#!/bin/sh unset MY_KEY unset MY_FILE
Now when you use source activate analytics the environment variables MY_KEY and MY_FILE will be set to the values you wrote into the file, and when you use source deactivate those variables will be erased.
Locate the directory for the conda environment, such as C:\Users\jsmith\Anaconda3\envs\analytics . Enter that directory and create these subdirectories and files:
cd C:\Users\jsmith\Anaconda3\envs\analytics mkdir .\etc\conda\activate.d mkdir .\etc\conda\deactivate.d type NUL > .\etc\conda\activate.d\env_vars.bat type NUL > .\etc\conda\deactivate.d\env_vars.bat
Edit the two files. .\etc\conda\activate.d\env_vars.bat should have this:
set MY_KEY='secret-key-value' set MY_FILE=C:\path\to\my\file
And .\etc\conda\deactivate.d\env_vars.bat should have this:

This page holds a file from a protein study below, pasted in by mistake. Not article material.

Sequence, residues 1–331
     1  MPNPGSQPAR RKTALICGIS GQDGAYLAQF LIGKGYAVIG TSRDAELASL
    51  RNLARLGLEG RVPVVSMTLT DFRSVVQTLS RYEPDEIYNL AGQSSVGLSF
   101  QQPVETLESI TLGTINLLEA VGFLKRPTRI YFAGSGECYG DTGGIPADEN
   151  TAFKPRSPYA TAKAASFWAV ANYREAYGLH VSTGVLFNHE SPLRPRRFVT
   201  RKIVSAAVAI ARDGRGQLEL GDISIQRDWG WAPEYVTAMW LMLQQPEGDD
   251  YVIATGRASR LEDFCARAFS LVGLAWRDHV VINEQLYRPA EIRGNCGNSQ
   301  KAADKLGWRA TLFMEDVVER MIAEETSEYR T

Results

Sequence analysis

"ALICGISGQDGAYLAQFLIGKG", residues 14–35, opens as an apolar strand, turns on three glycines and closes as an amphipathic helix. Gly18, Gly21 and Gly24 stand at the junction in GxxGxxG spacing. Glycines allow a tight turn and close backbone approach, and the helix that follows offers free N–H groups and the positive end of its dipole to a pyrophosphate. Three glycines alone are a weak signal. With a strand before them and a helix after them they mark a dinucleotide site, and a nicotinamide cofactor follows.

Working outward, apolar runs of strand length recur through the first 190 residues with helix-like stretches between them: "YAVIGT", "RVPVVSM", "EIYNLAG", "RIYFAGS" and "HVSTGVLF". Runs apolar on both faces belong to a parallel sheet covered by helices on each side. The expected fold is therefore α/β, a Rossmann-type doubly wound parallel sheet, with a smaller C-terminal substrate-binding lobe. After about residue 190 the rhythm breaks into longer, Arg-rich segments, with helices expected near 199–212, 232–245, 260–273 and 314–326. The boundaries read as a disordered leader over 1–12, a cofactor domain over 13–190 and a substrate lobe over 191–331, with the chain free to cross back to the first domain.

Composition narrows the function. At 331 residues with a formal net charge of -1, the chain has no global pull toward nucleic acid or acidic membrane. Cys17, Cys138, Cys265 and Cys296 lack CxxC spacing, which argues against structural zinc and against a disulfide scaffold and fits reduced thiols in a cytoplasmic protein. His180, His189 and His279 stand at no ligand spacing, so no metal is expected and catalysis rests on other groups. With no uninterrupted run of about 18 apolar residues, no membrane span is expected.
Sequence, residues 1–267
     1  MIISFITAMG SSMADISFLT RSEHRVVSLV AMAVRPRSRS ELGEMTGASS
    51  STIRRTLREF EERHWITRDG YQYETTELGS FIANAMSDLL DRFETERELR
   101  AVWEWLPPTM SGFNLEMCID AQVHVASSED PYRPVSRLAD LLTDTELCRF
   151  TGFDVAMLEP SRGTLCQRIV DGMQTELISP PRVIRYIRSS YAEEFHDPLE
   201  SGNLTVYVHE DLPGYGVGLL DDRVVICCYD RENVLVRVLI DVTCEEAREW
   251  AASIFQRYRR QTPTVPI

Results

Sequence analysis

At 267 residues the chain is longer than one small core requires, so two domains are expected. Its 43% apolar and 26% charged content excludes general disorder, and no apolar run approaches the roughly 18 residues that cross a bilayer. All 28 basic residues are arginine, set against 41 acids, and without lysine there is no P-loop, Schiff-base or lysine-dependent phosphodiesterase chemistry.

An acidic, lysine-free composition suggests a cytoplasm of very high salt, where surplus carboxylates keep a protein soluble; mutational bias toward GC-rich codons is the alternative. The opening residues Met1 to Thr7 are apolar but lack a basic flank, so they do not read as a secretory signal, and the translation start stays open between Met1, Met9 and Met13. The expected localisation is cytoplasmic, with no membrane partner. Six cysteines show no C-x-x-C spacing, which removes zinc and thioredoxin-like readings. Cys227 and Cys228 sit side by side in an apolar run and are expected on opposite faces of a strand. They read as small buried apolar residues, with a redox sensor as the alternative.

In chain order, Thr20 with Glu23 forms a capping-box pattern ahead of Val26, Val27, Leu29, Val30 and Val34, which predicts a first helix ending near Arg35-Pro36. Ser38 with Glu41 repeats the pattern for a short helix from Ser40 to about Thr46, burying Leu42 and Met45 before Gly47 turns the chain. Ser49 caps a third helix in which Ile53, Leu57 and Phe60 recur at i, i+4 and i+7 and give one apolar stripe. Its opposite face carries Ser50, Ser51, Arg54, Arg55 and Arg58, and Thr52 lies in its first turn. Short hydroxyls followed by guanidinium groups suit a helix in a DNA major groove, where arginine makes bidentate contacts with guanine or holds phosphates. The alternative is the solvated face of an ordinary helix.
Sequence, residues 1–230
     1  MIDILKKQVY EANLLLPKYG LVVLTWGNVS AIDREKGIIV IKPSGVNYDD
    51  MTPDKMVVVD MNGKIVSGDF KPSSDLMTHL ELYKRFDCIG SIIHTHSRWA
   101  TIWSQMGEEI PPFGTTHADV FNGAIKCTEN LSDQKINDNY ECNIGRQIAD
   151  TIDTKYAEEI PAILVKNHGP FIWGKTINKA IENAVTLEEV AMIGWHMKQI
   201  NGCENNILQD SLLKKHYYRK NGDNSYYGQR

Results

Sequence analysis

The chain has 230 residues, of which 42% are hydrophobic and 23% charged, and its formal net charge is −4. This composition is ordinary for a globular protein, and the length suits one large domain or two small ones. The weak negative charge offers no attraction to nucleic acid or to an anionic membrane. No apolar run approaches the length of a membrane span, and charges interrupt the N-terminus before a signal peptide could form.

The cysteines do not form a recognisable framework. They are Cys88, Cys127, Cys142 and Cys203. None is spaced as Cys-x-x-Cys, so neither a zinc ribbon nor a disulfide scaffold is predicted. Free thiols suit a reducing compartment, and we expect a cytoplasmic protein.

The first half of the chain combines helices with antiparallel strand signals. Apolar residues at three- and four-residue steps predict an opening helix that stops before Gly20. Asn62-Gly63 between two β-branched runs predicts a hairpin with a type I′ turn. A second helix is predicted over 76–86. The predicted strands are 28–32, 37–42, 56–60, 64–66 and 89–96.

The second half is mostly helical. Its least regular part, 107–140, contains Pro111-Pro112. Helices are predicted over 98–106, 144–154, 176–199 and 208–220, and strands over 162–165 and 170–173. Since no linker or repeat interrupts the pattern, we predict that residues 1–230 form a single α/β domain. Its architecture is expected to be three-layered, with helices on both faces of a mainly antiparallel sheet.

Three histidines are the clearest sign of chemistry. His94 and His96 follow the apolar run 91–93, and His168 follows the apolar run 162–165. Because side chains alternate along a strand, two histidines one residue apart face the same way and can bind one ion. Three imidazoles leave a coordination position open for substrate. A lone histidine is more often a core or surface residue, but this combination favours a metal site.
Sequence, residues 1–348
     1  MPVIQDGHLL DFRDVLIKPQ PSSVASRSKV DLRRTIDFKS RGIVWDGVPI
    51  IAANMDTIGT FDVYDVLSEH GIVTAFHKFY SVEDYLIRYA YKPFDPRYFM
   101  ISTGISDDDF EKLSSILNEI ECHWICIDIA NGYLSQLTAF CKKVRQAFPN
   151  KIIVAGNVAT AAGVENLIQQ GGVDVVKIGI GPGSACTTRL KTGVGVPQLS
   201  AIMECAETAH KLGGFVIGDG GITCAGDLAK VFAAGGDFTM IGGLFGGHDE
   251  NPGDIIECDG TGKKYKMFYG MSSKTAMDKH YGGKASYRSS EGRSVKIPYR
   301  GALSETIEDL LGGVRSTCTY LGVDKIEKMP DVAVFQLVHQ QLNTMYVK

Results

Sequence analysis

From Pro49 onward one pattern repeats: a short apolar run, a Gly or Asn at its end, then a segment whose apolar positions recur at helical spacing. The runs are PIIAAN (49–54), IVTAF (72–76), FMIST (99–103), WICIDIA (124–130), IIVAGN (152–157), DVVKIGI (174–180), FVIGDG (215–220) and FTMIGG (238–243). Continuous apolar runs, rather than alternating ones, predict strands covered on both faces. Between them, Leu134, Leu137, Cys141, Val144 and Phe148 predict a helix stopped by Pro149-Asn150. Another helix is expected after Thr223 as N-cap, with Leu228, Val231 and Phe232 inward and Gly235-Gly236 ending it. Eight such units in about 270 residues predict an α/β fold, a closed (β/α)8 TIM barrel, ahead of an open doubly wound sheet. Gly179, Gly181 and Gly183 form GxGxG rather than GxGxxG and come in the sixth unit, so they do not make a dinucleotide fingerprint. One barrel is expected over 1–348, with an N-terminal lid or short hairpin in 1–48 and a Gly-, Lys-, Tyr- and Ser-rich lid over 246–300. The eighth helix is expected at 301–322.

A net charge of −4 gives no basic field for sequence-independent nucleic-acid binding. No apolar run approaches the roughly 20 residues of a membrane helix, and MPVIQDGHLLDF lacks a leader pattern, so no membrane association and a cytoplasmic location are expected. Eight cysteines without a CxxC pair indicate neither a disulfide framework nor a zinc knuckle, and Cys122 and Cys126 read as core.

set MY_KEY= set MY_FILE=
Now when you use activate analytics the environment variables MY_KEY and MY_FILE will be set to the values you wrote into the file, and when you use deactivate those variables will be erased.
These script files can be part of a conda package, in which case these environment variables become active when an environment containing that package is activated.
Scripts can be given any name, but multiple packages may create script files, so be sure that you choose descriptive names for your scripts that are not used by other packages. One popular option is to give the script a name of the form packagename-scriptname.sh (or on Windows packagename-scriptname.bat).
Next, we’ll take a look at Managing Python.